• Tectonic map in planetary cartography is a graphic representation of structural elements related to the tectonic history of the upper crust of a planetary body. The different structural areas and their separate elements (e.g., faults and folds) are shown by various symbols; when combined with a geologic map, data regarding the age and type of rocks comprising the structural elements are given, along with their development in time.
  • Thematic map in planetary cartography is a map showing the spatial representation of physical properties for a planetary surface (e.g., hypsometric, geophysical, geologic-morphologic, and geochemical maps).
  • Terrain map in planetary cartography is a graphic representation of the distribution of boundaries between mapped regions on the planetary body, showing the presence or absence of characteristic details of a surface (e.g., impact craters, hills, faults, lava flows, aeolian cover, etc). Such maps are usually produced by data obtained by remote sensing. See also geologic/morphologic map, photogeologic map.
  • Topographic map see hypsometric map

 

Toponymy

  • Allonym: Each of two or more toponyms employed in reference to a single topographic feature. Example: Johannesburg, Egoli.
  • Bilingual: The use of two languages
  • Biscriptual: The use of two kind of script
  • Descriptive item: A word printed on a map which designates a topographic feature, but which does not constitute a toponym.
  • Descriptor term: see Generic element
  • Endonym: Name of a geographical feature in one of the languages occuring in that area where the feature is situated.
  • Eponym (ethnonym in French): Name of a person after or for whom a place is named. Example: Everest in Mount Everest
  • Epotoponym: A toponym which constitutes the basis or origin of a common noun. Example: Olympia (for Olympiad)
  • Exonym: Name used in a specific language for a geographical feature situated outside the area where that language has official status, and differing in its form from the name used in the official language or languages of the area where the geographical feature is situated. Example: Warsaw is the English exonym for Warszawa. The officially romanized Endonym Moskva for Москва is not exonym, nor is the pinyin form Beijing, while Peking is an exonym.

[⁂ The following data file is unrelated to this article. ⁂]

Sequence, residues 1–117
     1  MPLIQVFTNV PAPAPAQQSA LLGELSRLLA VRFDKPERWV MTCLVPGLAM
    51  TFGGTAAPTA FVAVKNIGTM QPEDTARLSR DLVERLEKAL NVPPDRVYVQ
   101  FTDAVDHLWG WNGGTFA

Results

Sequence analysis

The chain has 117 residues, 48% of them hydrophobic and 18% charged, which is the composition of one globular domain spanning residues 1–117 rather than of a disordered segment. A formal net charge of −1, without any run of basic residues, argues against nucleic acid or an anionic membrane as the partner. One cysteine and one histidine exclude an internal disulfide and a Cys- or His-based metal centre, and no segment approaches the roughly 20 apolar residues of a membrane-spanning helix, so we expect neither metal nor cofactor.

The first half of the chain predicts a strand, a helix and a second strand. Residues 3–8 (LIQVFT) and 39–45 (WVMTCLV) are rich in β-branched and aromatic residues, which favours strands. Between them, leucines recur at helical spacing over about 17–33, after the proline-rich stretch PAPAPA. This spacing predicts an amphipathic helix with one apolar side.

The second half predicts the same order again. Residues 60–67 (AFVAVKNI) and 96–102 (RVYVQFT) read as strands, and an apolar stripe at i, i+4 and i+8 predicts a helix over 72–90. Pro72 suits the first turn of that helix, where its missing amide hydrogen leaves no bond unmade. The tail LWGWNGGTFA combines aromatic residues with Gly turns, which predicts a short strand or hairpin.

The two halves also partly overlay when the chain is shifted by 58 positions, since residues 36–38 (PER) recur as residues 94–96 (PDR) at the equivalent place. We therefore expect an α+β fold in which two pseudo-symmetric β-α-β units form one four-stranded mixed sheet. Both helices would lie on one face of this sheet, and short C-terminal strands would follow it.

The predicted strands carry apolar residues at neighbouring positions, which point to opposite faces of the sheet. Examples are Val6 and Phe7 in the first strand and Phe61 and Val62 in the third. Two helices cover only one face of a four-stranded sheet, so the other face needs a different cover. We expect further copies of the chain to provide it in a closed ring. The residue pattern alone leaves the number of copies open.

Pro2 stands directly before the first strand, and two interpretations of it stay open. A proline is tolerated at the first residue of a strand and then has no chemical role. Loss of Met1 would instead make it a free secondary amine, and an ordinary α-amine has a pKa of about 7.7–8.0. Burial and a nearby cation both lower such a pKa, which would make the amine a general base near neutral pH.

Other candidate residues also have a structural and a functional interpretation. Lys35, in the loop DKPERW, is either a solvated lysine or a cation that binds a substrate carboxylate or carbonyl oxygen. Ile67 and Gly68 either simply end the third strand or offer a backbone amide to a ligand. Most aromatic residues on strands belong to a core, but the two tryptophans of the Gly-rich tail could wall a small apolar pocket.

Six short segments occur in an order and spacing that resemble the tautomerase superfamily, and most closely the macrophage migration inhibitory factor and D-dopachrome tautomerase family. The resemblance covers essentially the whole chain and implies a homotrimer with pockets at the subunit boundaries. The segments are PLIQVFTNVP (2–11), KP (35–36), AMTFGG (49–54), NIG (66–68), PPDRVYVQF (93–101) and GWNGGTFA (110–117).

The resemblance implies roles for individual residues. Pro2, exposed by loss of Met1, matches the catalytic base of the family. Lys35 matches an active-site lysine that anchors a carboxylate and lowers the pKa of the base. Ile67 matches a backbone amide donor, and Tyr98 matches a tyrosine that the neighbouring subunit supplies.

• Feature class: Grouping of topographic features with similar characteristics, to facilitate classification, search and retrieval. Example: river
  • Gazetteer: List of toponyms with an indication of their location and preferably including variant names, type of topographic feature and other defining or descriptive information.
  • Gazetteer, multilingual: Gazetteer, which shows allonyms in different languages, not necessarily standardized.
  • Gazetteer, multiscriptual: Gazetteer, which presents toponyms in two (biscriptual) or more different types of script or writing system.
  • Generic element: That part of a toponym which consists of a generic term. Examples: Sierra in Sierrea Nevada. The Generic element does not necessarily indicate the type or class of  feature of the item named. In IAU/USGS terminology, it corresponds to “descriptor term”.See also false generic element.
  • Generic element, false: Generic element which does not indicate the feature class of the item named. Example: Rio in Rio de Janeiro
  • Generic term: A common noun which describes a topographic feature in terms of its characteristics and not by its proper name. Example: river
  • Homonym: Each of two or more identical toponyms denoting different topographic features.
  • Language, target: Language in terms of which a toponym may be adopted or transformed from its source language.
  • Logogram: Graphic symbol or combination of symbols which represent an entire free morpheme such as a word, without separately representing its constituent phonemes or syllables. Example: Japanese 山for san or yama (mountain)
  • Map, multilingual: Map which, for a particular topographic feature, shows allonyms in different languages, not necessarily standardized.
  • Map, miltiscriptual: Map which presents toponyms in who (biscriptual) or more types of script or writing systems.